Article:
What is it with much of the media nowadays? Are editors and journalists becoming lazy? I'm referring here to the the overuse of tweets in articles and news pieces. Indeed non-entities' tweets seem to feature in far too many pieces. And it's not just that tweets are featured – tweets often become the news! For example, according to the Guardian, one media outlet published a piece which contained 150 tweets!

Ironically, there has also been many pieces about the media's (yes, very self-referential!) obsession with Donald Trump's tweets. It seems that parts of the media only realised the negative aspects of Twitter when they sourly noted that Trump was taking full political advantage of it. Take the British newspaper, the Independent. It published an article which had the words 'Trump, the Twitter President' in the title. Yet in the very same edition there were pieces – all entirely unrelated - which featured tweets extensively.

Yes, it's really the media's own obsession with anyone's and everybody's tweets that's the problem. And this is tweets from a teenager politico in his bedroom to Oprah Winfrey posting from her mansion.

There's also the problem that many journalists themselves live their lives in Twitter World. They therefore see Twitter as being far more important than it actually is. Either that, or they see it as being an easy way of filling space in their pieces.

Using other people's tweets is also cheap. Media outlets can publish them without paying the tweeter. They can also exploit the convenience of getting tweeters to express their own controversial views without facing any consequences themselves.

As for the content of the tweets.

It's been said that within Western philosophy every position under the sun has been expressed. And if that's true of philosophy, then it's ever truer of Twitter World. Do we really care about what Twitter addicts and Twitter activists have to say about X or Y?

Of course not all published tweets are from nobodies. Sometimes politicians and celebrities tweet too. And these tweets feature even more in media outlets. Yet even in this case the politicians or “celebs” concerned might have been drunk when they tweeted. Perhaps they didn't think through what they were writing. Perhaps the tweets were off-the-cuff remarks. Perhaps they were commenting on something they knew next-to-nothing about.

In this respect, have you ever posted something on Twitter or Facebook without thinking too deeply about what it? Have you ever posted something when drunk and later regretted it? I suppose the argument here will be that politicians should be more careful with their tweets. Yet they're still human beings and therefore likely to make mistakes or post bullshit.

Imagine if all our private thoughts were posted on Facebook or Twitter. We'd be destroyed.  The same goes for politicians of all persuasions. Twitter is almost like that. And then newspapers salivate when they publish those private thoughts. Yes, I'm talking about private thoughts which are then posted and published. But why should the media publish these mindless ejaculations for public consumption in the first place? Because they fill space? Because they titillate? Because they're a easy and cheap substitute for reasoned political debate?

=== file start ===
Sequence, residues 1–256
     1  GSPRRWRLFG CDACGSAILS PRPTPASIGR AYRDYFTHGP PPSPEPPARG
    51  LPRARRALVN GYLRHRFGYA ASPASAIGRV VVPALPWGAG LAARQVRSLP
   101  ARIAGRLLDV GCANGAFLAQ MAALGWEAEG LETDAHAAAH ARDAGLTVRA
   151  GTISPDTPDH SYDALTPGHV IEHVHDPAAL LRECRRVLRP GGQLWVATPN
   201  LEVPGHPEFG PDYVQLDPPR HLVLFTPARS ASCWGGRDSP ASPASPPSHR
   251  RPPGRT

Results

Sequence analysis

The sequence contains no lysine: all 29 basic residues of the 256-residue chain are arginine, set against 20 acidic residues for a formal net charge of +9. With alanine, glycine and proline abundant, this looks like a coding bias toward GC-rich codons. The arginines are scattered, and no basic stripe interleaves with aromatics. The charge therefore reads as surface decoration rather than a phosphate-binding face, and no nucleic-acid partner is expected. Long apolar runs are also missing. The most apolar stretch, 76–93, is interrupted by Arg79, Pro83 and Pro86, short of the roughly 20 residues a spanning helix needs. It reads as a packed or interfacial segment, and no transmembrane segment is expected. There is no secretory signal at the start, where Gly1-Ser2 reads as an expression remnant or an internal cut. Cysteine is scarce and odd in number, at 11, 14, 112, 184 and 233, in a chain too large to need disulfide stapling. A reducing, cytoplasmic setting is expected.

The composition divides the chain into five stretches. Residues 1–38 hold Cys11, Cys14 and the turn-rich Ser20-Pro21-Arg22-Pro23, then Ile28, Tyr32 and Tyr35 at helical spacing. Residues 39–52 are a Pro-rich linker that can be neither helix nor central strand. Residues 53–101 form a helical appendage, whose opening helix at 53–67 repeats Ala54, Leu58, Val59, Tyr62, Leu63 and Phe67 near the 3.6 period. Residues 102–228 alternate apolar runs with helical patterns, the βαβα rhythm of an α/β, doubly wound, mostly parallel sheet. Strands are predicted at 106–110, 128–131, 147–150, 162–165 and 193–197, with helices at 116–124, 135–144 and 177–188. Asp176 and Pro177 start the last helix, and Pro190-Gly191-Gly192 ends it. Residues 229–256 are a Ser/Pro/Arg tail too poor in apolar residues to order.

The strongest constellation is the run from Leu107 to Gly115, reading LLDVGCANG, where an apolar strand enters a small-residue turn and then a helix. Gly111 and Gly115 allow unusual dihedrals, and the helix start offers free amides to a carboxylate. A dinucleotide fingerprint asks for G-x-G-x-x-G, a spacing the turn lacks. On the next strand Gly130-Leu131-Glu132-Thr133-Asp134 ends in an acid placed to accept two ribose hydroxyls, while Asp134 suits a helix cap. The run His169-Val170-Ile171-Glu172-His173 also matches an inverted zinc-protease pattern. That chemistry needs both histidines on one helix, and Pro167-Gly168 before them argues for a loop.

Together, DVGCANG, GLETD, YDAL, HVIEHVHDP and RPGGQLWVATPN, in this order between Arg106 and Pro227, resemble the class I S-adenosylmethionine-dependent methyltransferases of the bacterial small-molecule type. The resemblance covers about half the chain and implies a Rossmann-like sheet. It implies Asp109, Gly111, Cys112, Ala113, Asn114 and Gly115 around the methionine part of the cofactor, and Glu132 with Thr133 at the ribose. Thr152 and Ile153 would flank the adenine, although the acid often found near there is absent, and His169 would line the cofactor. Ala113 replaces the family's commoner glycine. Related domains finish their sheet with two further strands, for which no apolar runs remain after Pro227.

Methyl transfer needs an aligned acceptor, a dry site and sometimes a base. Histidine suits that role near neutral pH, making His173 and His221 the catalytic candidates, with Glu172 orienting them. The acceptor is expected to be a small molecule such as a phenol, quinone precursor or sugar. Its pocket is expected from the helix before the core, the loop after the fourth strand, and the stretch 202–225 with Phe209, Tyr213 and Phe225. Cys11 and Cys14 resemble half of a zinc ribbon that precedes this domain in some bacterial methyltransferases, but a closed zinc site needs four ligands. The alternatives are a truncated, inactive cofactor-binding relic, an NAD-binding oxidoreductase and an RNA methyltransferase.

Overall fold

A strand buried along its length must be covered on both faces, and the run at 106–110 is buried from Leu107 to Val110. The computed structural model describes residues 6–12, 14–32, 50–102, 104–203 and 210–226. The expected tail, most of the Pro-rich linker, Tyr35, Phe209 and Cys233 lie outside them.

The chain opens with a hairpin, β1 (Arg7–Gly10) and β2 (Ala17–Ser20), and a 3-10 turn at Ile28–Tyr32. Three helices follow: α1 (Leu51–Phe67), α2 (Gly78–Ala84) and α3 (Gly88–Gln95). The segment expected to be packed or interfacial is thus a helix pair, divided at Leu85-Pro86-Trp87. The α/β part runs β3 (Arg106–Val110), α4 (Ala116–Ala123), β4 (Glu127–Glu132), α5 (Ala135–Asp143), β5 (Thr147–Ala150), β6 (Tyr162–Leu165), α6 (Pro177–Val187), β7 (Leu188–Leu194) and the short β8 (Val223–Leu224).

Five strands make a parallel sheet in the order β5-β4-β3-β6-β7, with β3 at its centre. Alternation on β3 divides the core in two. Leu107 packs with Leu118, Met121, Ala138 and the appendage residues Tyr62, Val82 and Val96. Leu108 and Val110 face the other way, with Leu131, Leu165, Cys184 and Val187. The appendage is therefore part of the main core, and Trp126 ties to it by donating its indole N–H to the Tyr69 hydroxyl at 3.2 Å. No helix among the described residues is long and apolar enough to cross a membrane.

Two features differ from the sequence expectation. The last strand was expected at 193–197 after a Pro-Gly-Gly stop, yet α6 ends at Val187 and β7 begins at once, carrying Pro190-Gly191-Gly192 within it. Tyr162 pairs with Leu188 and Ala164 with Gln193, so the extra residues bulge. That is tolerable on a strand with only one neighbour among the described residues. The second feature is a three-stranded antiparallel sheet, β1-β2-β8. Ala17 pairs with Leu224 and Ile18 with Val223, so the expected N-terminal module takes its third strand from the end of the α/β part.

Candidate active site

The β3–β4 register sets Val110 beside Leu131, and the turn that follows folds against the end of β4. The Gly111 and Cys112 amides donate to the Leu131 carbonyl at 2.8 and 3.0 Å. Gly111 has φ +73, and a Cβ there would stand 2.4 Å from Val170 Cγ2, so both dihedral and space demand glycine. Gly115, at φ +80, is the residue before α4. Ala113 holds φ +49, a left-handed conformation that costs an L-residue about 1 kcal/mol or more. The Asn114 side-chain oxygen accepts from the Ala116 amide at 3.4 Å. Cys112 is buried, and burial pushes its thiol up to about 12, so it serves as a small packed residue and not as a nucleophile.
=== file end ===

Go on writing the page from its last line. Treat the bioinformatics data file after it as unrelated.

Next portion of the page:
I must confess, however, that I too have used screenshots of tweets in my pieces. (I've used them in this piece!) Though I've done so very rarely. And the tweets I used were only additions to the pieces. In parts of the media, on the other hand, the tweets (as already stated) become the news – quite literally!


One very bad offender is the British online tabloid, Metro. Many - or even most - of its pieces feature tweets. Many of these tweets are from nobodies and were probably written when drunk or stoned. Others are mindless and with zero political content. The tweeters, I suppose, are gaining their fifteen minutes of fame... thanks to Metro.

Metro's latest example (Friday the 13th of July, 2018) is a published a tweet from C4 News Factcheck about the British MP, Michael Fabricant. Channel 4 (like a secret police interrogator) asked Fabricant this question:

“... what is this flag on your mantelpiece?”

Then Metro tells us that Fabricant had a “apartheid-era South Africa [flag] on his mantelpiece”. Fabricant replied:

“Also on the same mantelpiece is an old communist USSR flag. They are from some of the countries where I had work visits in the 1980s.”

Now this is very odd because it can clearly be seen that he's got what looks like a European Union flag there too. And, in response to this mindlessness, Fabricant informed Channel 4 that he collects flags. However, Metro, rather pompously, still “contacted the Tory party for comment”!

Another serial offender is the Huffington Post; though right-wing newspapers – such as the Daily Mail – seem to love tweets too.

Here's a tweet published by Huffington Post. It reads as follows:

“Didn't expect to catch comrade Trump and his filthy motorcade by Camden Sainsbo's bus stop today. Here's a London welcome for an orange wasteman. #Fuck Trump #MAGA.”

As you can see, it offers its readers some profound political insights. And in the very same HuffPost piece there were four more tweets of equal penetrative wisdom.


Parts of the media big up tweets as if they're of supreme political importance. They aren't. They're often simply the ramblings of Twitter addicts and Twitter activists. They're rarely reasoned responses to political affairs or current news – although, sure, they sometimes can be. In fact the media often chooses particular tweets precisely because they aren't reasoned or informative. In other words, the more titillating the tweets are, the more likely they'll be published.